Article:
STRESS: Live with it, Brag about it, or Do Something About it

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We all experience stress.  We manage it in different ways.  The important question is, “how?”.

Some of us view stress as something that must be endured, a part of life with little ability to affect its impact.   Others acknowledge the stress and numb it out with alcohol, drugs, food or unhealthy behaviors.  Some of us brag about the stress in our lives, wearing it like a badge of honor not realizing that it’s truly an albatross causing significant emotional and physical harm.

It’s important to understand how our nervous system works.  We are always scanning our environment for danger.  Rarely do we encounter a saber tooth tiger, but today our nervous system senses danger anytime we dont feel “good enough”, or on edge, or anxious.  When these feelings are chronic it takes a significant tool on our body.  

The constant bombardment of cortisol and adrenaline adversely affects our brain leaving us with less energy devoted to the prefrontal cortex, the part of the brain that is responsible for making important  decisions.  That means when we are stressed we are more likely to react out of habit and not necessarily make the wisest choice.   Think about that every time you grit your teeth, become angry or anxious.   Your body is preparing for an attack but you end up attacking yourself.

In order for your body to feel safe, it must feel supportive.   Learning to regularly ground yourself is a valuable life enhancing skill.  The lifestyle choices we make on a daily basis can feed our stress, much of which is held in our psoas muscle (pronounced so-as).  

The psoas, our largest muscle, runs from the spine to our femurs and acts as a shelf for our internal organs as well as the first muscle to receive an incoming distress signal from our nervous system.  Chronic contraction of the psoas leads to interference with our digestion, shortens our spine and leads to shallow breathing.  This breathing pattern sends a signal to our brain that we are stressed, and guess what happens next?  You got it, more cortisol and adrenaline perpetuating the cycle of stress.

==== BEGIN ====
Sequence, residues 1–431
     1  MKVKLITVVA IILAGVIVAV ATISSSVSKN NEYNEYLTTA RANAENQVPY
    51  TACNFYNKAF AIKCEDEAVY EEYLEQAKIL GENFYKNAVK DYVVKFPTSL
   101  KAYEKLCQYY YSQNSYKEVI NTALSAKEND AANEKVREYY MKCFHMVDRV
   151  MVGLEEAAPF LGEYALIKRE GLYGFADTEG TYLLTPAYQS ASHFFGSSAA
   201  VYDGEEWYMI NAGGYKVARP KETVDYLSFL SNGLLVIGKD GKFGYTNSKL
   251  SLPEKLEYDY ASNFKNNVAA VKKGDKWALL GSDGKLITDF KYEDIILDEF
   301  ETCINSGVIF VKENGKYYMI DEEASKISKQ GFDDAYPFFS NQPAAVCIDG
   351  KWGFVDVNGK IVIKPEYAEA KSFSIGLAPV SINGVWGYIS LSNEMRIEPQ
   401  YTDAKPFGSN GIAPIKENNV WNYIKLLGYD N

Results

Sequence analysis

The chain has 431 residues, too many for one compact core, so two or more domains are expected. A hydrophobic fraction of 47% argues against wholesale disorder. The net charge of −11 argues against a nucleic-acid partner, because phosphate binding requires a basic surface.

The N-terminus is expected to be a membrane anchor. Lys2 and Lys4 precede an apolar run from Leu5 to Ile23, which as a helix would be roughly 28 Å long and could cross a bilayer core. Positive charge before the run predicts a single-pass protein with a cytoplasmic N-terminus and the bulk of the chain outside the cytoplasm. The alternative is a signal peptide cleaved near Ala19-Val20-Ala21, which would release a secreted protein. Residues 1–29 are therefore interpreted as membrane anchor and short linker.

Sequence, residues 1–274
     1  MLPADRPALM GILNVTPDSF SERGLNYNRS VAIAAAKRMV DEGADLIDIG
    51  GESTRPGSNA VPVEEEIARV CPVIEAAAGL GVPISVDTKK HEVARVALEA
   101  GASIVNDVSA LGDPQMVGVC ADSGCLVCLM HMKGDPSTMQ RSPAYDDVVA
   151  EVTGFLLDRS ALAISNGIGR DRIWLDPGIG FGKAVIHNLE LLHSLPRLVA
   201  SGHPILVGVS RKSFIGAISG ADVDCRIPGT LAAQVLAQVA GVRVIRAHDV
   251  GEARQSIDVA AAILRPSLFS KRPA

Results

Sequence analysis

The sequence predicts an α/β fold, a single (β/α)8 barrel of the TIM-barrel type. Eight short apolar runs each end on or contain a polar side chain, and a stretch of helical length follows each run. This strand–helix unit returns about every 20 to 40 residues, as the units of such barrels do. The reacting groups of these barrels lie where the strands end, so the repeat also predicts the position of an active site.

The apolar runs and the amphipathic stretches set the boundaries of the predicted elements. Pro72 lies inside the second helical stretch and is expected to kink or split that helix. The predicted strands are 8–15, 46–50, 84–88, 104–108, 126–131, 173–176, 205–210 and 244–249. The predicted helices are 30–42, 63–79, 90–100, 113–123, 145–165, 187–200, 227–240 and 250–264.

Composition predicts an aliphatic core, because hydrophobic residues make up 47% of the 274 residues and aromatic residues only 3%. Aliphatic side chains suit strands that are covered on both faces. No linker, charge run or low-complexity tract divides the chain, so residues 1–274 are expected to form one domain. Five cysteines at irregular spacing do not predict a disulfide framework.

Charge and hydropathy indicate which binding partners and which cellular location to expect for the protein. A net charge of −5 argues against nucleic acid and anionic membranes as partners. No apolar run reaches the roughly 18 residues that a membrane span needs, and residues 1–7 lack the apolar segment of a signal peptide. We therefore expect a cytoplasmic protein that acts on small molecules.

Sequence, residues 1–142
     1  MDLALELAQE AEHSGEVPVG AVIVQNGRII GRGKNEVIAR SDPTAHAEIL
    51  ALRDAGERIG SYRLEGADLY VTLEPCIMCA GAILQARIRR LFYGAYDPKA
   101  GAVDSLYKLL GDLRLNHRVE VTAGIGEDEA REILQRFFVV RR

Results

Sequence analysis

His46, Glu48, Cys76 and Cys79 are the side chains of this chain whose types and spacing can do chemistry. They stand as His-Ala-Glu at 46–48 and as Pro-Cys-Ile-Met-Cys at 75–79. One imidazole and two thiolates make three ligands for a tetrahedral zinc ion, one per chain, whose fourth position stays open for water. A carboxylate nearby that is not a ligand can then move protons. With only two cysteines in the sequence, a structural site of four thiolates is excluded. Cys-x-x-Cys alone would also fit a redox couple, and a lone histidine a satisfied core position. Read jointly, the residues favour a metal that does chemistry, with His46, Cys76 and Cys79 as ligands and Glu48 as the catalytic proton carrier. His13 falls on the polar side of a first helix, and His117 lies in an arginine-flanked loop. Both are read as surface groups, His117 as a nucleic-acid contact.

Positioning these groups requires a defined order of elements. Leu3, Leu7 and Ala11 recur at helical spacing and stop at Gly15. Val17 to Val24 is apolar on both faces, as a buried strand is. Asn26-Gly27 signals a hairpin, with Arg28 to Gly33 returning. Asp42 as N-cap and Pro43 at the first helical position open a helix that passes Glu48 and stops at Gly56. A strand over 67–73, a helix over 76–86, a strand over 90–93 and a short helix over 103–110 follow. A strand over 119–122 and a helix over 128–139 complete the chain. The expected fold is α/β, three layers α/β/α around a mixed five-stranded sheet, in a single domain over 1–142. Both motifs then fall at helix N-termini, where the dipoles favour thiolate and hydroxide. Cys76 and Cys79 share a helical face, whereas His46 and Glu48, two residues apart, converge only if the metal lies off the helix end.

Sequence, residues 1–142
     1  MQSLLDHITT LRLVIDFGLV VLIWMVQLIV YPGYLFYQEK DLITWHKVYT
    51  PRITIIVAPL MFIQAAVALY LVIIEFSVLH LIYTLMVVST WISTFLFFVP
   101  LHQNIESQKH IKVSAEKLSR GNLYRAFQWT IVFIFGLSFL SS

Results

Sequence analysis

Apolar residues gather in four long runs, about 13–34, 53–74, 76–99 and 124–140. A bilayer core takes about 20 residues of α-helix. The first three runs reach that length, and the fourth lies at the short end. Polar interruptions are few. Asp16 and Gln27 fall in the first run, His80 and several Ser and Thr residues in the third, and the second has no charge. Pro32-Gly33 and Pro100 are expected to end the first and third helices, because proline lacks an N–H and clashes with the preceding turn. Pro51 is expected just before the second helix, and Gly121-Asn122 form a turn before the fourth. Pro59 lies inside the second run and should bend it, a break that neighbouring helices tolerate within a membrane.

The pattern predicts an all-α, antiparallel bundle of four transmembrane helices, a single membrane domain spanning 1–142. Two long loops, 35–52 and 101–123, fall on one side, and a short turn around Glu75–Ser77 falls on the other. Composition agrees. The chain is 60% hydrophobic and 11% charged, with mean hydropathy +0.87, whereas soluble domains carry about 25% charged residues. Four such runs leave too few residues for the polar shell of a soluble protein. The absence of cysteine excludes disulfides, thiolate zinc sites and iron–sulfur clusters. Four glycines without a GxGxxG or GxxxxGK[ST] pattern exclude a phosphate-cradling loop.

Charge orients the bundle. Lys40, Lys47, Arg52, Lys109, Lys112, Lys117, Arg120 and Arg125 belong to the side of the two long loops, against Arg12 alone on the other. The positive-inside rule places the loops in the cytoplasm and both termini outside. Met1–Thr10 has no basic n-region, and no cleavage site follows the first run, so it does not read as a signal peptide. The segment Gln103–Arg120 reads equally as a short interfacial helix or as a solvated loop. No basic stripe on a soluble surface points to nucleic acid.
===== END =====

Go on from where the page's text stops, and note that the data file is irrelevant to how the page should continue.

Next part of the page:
Chronic stress isn’t just uncomfortable, it’s deadly.  It affects all of our organs, including our brain and heart.  When stressed, and especially when chronically stressed, we are not at our best physically or emotionally.  

How stress is perceived greatly determines how our nervous system responds.   We can learn to change the way we perceive stress and choose a path that leads to more serenity and happiness even though outside circumstances remain the same.   But how to change decade old habits?  

One way is by taking a Mindfulness Based Stress Reduction course (MBSR).  This scientifically validated program teaches you how to gain awareness of your stress (most is subconscious), and the skills to approach the stress with kindness and compassion.  Each week different forms of meditation are taught that guide you towards the peace of mind you crave.  And the power of the group provides extra support to enhance your journey.  MBSR requires no previous training whatsoever, and numerous studies have shown it’s benefit in reducing stress, anxiety, depression and even chronic pain. 

Stress happens.  But how much, and how severe is a choice.  Choose wisely.

AUGUST 29, 2018

 

Mark Levine